16. 43 people drive 90% of the world’s #HarryPotter conversation
  17. 70% of @Buzzfeed’s UVs come from social, especially @Facebook
  18. How did @Buzzfeed get from 600K to 85M uniques? Machine learning, custom algorithms, social, & editors who hussle
  19. Tumblr facts: it has >138M blogs, 350M uniques/mo (doubled since April), 90M post/day
  20. About 95% of Tumblr blogs are reblogs; 1/3 happen more than 30 days after the original post
  21. Tumblr has 325M MAUs; high percentage of US unique views (~33%)


  1. News flash: marketing got f*ing hard – @garyvee
  2. We have math and we have creative. The magic is in the middle – @garyvee
  3. We’re creating a “Magical river of Internet awesome”- Danielle Strle, Tumblr
  4. Men are from stats and women are from feelings – @bklynstacy
  5. We started with tablets (stone) and we’re back to tablets – @ears_delaney


The Socially-Enabled Enterprise: a work in progress

My takeaways from yesterday’s Socially Enabled Enterprise panel at the Social Shake-Up conference:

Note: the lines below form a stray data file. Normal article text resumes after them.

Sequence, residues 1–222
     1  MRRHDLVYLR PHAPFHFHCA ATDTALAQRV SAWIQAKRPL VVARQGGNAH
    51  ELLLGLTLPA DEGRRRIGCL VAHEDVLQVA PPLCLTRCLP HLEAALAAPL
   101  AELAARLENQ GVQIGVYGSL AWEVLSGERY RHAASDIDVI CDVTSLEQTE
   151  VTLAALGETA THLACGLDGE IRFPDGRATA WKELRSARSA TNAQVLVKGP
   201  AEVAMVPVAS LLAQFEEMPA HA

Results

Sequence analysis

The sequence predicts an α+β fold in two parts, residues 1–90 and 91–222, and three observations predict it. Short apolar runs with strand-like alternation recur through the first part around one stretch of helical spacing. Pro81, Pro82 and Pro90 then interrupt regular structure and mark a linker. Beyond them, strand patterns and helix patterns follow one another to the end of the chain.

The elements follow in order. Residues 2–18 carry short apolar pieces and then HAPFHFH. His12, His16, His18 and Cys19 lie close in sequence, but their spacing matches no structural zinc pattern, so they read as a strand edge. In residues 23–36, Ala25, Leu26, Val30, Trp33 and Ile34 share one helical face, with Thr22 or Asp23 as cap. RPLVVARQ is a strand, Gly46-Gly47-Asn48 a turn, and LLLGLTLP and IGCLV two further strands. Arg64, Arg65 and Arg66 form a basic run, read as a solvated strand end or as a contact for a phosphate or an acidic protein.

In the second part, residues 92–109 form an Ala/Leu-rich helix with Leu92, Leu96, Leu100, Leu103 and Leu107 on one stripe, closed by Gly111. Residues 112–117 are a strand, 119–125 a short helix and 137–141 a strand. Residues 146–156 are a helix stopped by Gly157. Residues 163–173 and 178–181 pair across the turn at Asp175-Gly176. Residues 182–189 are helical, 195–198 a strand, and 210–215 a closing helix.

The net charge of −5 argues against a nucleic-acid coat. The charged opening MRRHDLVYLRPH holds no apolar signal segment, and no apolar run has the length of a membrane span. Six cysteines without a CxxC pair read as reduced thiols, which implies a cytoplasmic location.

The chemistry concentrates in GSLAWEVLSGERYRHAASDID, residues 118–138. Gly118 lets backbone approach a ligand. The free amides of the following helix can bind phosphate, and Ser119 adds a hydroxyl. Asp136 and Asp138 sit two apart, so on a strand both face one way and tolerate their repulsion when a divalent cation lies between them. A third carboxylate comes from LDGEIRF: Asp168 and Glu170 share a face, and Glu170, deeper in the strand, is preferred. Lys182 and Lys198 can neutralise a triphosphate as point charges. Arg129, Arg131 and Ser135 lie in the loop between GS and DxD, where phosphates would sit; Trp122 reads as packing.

1. It doesn’t matter if we label Social a “channel” or not. In Chris Boudreaux‘s words, “It’s OK to call it [Social Media] a channel [or not], no one is going to lose an arm.” What it means: if calling Social a “channel” helps you, do it; if not, don’t. Don’t get bogged down in semantics and ideology; think about Social in whatever way helps you think about your organization and your customers.
  2. Organizations need to go beyond the Center of Excellence approach. (Chris, again): The Center of Excellence approach to social governance in the enterprise is fading away. Social needs to align itself with existing functions. Instead of a CoE, think about which social capabilities live in which parts of the organization, and how do those parts work together. More about how to do it in this Accenture whitepaper: Empowerment with Accountability: Enabling Business Growth through Social Media Governance.
    • Chris clarifies: